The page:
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Top Compliance Mistakes Made by Companies Entering the US

January 7, 2022

If you’re expanding your business into the US, there are some common compliance mistakes that you want to make sure to avoid.

Here are the top compliance mistakes that some companies make when entering the US:

Paying employees under the table

Some companies pay their US employees under the table, without reporting it to the Internal Revenue Service (IRS). This is illegal–you have to file with the appropriate local authorities and pay all relevant taxes on compensation for your US employees and report it to the IRS. If you don’t report your wages to the IRS, and if your workers do not file on their end appropriately, your workers might face fines and even potential imprisonment, and your company might be barred from doing business in the US.

Misclassifying employees as independent contractors

Some companies misclassify their US workers. They classify a US worker as an independent contractor when they actually are treated like an employee and should be classified as an employee, with the employer exerting control over what the worker does and when. Misclassifying employees is a form of tax avoidance, since employers must withhold and pay income taxes, Social Security taxes, Medicare taxes, and unemployment taxes on wages paid to employees, but not for independent contractors. Misclassifying an employee as an independent contractor comes with expensive penalties.

Filing incorrect tax returns

Some companies file incorrect tax returns to the IRS. They underreport sales or make other mistakes. Filing incorrect tax returns to the IRS leads to penalties.

Failing to register your business in certain states

You’ll need to register your business in any state where you’re doing significant business, including hiring an employee. If you have employees in California and Texas, for instance, you’ll need to have your business registered in both California and Texas. This includes states in which your employees reside, even if the employees moved after they started employment.

Not buying insurance

Your business will need insurance to protect itself from litigation. General liability insurance might be good to buy, to protect your business from litigation related to your business operations. You might also need to buy workers’ compensation insurance, to give benefits to your workers when they become sick. There also are more specialized forms of insurance that your company can buy to protect itself.

Violating privacy laws

There are a variety of privacy laws in the US, including HIPAA at the federal level and state privacy laws in California and New York. A number of states ban employers from asking prospective employees about their salary history. Although it might be common in your home country to ask prospective employees about their previous salary or even require paystubs, that is not common in the US, and it is often illegal. Many foreign employers must also be aware of possible federal violations as they vet employees with processes such as background checks, as companies must inform employees of background checks beforehand.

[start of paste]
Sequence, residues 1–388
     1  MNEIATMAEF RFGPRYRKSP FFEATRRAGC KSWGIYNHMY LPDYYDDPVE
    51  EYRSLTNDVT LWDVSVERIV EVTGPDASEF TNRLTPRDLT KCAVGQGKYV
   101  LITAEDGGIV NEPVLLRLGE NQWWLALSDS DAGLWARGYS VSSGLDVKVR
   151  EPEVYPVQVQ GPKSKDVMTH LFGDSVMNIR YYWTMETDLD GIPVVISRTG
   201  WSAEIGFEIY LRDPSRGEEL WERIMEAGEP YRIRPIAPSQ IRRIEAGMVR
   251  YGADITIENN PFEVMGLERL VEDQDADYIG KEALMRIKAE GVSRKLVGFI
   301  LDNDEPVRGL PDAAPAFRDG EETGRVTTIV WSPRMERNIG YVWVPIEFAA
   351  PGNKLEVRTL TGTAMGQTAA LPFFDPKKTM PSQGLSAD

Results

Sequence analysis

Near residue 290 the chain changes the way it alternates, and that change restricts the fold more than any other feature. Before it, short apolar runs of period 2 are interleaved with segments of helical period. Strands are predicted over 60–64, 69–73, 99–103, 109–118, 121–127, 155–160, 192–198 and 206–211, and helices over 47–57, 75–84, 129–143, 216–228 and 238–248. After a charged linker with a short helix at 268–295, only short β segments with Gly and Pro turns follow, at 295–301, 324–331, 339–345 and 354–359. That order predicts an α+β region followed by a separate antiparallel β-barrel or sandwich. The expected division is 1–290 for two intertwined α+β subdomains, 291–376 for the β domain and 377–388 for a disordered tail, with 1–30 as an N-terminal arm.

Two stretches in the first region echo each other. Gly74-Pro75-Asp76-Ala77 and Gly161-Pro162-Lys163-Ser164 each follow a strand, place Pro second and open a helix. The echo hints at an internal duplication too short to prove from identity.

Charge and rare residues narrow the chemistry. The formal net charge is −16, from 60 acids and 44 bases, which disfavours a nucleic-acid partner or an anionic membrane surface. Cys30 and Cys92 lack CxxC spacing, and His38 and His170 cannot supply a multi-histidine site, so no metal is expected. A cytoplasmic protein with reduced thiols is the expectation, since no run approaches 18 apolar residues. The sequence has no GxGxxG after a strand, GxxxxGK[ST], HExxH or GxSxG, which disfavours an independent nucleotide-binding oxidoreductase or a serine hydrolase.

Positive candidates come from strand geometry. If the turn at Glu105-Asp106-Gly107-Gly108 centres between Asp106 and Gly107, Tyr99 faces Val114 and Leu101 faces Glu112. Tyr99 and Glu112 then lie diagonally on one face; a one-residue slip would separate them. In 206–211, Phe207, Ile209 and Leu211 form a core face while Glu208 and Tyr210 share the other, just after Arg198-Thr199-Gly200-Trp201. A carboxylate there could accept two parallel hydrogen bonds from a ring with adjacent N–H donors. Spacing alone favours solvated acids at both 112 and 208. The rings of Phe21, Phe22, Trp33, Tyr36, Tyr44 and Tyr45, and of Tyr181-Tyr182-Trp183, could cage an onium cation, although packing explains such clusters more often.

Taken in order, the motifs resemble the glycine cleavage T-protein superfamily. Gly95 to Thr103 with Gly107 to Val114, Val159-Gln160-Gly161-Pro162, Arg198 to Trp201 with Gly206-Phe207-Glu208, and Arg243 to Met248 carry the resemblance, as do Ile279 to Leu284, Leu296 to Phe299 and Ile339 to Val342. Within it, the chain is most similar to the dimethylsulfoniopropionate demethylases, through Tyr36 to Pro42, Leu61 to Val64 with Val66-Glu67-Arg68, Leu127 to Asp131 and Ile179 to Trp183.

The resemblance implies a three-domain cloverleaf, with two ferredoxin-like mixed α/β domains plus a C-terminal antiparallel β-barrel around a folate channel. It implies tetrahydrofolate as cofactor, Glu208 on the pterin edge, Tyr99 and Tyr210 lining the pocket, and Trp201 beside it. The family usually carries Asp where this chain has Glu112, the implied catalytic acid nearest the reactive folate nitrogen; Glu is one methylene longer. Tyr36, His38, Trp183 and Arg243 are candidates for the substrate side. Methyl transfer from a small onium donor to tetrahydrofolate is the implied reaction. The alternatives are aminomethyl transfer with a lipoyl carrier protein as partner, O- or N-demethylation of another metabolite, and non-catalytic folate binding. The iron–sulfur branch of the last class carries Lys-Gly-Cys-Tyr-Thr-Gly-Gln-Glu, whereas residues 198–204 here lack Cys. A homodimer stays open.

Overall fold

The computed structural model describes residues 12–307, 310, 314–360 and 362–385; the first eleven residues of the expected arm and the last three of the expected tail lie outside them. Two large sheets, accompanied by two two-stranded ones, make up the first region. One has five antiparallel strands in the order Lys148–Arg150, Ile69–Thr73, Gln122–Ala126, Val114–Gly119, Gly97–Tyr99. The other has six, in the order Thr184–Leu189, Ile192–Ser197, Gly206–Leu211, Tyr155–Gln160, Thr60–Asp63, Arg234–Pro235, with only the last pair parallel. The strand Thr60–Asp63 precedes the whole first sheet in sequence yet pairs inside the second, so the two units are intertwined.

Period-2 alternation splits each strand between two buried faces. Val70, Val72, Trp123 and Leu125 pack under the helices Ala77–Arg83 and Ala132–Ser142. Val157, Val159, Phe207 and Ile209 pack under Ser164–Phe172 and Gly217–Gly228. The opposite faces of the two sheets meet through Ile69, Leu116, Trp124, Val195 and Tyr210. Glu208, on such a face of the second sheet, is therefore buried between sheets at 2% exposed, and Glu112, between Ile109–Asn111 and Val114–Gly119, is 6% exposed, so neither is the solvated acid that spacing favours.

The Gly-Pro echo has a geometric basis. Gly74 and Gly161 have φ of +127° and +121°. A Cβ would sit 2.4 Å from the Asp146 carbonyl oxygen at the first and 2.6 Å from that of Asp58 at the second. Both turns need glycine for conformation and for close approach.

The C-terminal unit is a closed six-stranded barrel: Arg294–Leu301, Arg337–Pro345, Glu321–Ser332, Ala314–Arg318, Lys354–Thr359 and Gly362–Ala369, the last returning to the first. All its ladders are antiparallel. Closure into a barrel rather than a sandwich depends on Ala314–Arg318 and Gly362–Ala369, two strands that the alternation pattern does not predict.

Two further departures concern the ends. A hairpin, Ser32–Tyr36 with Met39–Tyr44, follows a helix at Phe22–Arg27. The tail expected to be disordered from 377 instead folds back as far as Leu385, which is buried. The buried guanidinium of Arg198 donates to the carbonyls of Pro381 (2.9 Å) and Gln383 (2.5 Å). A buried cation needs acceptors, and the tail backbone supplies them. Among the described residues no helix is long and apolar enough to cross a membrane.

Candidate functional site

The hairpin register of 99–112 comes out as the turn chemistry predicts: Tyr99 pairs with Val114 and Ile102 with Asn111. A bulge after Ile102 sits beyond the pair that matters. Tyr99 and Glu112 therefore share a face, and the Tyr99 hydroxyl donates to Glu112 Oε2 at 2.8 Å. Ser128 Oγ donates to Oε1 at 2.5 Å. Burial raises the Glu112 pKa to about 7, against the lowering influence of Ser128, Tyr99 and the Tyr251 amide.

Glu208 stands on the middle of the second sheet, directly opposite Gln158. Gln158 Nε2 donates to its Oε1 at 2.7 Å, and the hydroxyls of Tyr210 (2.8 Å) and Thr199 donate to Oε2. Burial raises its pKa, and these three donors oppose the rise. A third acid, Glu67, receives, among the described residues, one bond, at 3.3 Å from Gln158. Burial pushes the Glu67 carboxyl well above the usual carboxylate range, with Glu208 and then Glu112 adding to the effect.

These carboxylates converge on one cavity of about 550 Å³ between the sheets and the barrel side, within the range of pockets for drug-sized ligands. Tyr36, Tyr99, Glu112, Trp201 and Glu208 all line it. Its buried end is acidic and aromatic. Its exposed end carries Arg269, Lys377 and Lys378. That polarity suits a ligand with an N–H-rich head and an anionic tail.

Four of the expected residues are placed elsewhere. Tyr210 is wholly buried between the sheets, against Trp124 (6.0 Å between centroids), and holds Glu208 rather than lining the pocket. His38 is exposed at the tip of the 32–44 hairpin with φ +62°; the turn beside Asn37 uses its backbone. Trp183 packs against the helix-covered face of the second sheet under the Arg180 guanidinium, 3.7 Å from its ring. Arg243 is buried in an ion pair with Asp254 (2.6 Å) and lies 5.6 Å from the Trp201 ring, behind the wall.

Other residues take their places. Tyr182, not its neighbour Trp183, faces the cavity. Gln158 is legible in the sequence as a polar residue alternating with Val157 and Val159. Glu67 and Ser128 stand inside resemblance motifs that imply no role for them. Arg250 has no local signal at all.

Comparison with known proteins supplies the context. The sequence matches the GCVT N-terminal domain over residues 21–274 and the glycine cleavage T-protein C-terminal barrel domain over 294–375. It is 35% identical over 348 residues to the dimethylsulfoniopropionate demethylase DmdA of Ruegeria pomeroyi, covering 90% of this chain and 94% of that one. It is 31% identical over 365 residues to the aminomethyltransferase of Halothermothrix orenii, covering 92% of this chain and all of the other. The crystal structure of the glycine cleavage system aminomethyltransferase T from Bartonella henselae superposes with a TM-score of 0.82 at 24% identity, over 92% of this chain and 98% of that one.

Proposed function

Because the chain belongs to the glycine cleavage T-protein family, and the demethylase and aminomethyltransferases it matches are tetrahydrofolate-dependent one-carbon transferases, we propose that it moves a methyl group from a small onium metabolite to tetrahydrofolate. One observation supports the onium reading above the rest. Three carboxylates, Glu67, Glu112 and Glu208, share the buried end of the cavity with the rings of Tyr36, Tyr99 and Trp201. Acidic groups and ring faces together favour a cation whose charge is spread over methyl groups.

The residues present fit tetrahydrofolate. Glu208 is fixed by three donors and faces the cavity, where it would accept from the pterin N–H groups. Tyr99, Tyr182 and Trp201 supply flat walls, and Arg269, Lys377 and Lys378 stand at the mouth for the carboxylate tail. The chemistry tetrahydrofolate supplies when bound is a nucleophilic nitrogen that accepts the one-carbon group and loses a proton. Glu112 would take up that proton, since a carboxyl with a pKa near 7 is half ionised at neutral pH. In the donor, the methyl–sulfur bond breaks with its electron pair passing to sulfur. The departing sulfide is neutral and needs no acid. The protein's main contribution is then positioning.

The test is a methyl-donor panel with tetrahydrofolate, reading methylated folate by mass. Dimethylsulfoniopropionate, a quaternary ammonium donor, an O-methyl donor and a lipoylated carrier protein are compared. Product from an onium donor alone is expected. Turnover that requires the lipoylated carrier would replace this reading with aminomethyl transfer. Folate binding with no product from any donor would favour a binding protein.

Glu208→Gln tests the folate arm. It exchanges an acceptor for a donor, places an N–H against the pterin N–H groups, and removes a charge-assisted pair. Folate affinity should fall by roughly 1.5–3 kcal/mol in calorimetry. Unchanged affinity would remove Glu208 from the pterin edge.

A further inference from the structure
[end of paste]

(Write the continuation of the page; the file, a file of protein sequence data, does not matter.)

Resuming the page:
Violating anti-discrimination laws

In the US, it is illegal to discriminate against a job applicant or employee for their race, religion, gender, national origin, age, disability, or genetic information. This is something to keep in mind because as employers go through typical vetting processes, common practices like reviewing employees’ social media can be a landmine of anti-discrimination breaches, as information regarding religious affiliation, gender, and sexual identification are often displayed. 

US labor laws can be unwieldy, and coupled with daunting tax laws and privacy regulations, such matters can eat into the precious window of time young companies have to gain momentum in a competitive market such as the US. In addition, common employment principles such as at-will employment only apply to a limited extent.

Given the sheer number of potential compliance mistakes which can derail tech entrants, it is important to have a local partner in the US to help navigate these complexities. Alariss’ mandate is to save global companies the overwhelming compliance burden and preempting these pitfalls so that our partners can focus on business operations and achieving their growth targets. Just like the companies we serve, Alariss is adept and agile, balancing addressing the specific needs of our global partners, including recruiting and onboarding, while maintaining rigorous compliance measures. And unlike most enterprise solutions, the Alariss team is well versed in working with startups and high-growth companies, cognizant of bottlenecks and able to address them proactively, side by side with our global partners. To partner with Alariss, get started today.

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